Making model railway track plans is an activity that school-aged children, their parents, grandparents, and great-grandparents can all enjoy.

Ultimate Guide to Model Railway Scenery – Part 1

A model railway without scenery is like a dog without fur. You need to learn how use scenery before you can ever hope to master the art of creating awesome train layouts.

This model railway scenery ultimate guide will show you how scenery can be used effectively for any model train layout.

Railway scenery can be split into two main categories.

1. Handmade

2. Bought

1. Handmade or built scenery is the cheapest option and for some types of model scenery it is also the only option (hills, rivers, rocks’¦etc) Handmade scenery can be very tricky to create properly and many railway beginners can end up with a lot of mess. We recommend getting solid advice before embarking on a large scenery project.

2. Bought or shop purchased model scenery is an option for people who higher budgets. A good quality finish is sometimes easy to achieve with bought scenery but it can start to get expensive.

Track Ballast scenery

Track ballast is the most important aspect of nearly every model railway train layout that your are likely to build. The ballast is the rocks/stones that are used under the tracks to add drainage and flexibility to the rail track.

A badly constructed ballast scenery can make even the most interesting train layout look amateur.

We have three possible options when it comes to creating ballast for our model railway:

1. Ballast Scatter

  • Paint the board a similar colour to your ballast
  • Next you literally scatter a mix of glue all over the board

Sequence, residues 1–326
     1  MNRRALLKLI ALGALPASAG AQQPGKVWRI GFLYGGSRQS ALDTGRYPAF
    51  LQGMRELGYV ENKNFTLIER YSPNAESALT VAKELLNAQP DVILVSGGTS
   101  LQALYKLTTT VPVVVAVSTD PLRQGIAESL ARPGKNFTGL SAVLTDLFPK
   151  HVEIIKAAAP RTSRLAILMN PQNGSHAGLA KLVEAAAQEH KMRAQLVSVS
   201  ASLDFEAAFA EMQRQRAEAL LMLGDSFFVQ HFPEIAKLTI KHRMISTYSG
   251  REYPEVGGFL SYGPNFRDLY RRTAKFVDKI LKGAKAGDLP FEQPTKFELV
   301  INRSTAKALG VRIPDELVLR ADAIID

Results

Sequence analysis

• Now Scatter the board liberally with your bag of model ballast and give it time to dry

2. Ballast Scatter Mat

  • You just buy a ballast mat from your local model train shop or ebay and then cut it to size and cover your board

Ballast scatter mats do not look as realist as homemade scatter as it looks too neat and tidy. Do you notice perfect ballast on your local train line?

3. Ballast Sponge Overlay

  • This stuff is a sponge material that already has ballast particles and is laid under your track. Not as realist as the other options but is very quick to install.

Model Hill Scenery

The next most important element of model scenery is the hills. Even intricate train layouts look flat and lifeless without the inclusion of gradient.

We have two main options when it comes to using hill scenery within your model railway layout.

1. Paper Mache

  • Very cheap to buy, you only need newspaper, water and glue.
  • Can be really fun and you can get the kids to join in with you

2. Modelling Rock

  • Relatively expensive and requires far more adult supervision
  • Tricky to get started on
  • Requires the use of a chicken wire frame and then you add the plaster impregnated fabric on top of this.

3. Polystyrene/Styrofoam

  • Very easy to create large hills with
  • A lot less messier than the other two options
  • Still very cheap and only just requires a little Polly fill to smooth the surfaces.

Update in the next few days to include: trees, rock faces, tarmac, buildings and bridges!

Choosing Your Model Train Scale

When designing your model railway layout, one of the first things to consider is determining which model train scale you’ll want to use.